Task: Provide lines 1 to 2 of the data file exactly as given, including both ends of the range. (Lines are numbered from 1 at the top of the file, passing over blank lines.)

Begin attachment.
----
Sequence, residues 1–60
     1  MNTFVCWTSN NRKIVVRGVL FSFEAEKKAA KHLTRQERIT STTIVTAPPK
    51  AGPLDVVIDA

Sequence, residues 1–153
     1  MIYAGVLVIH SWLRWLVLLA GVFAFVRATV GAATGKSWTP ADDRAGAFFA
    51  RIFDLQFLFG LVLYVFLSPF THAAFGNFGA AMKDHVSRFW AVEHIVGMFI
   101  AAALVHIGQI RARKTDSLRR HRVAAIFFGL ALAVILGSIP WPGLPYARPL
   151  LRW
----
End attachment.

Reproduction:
Sequence, residues 1–60
     1  MNTFVCWTSN NRKIVVRGVL FSFEAEKKAA KHLTRQERIT STTIVTAPPK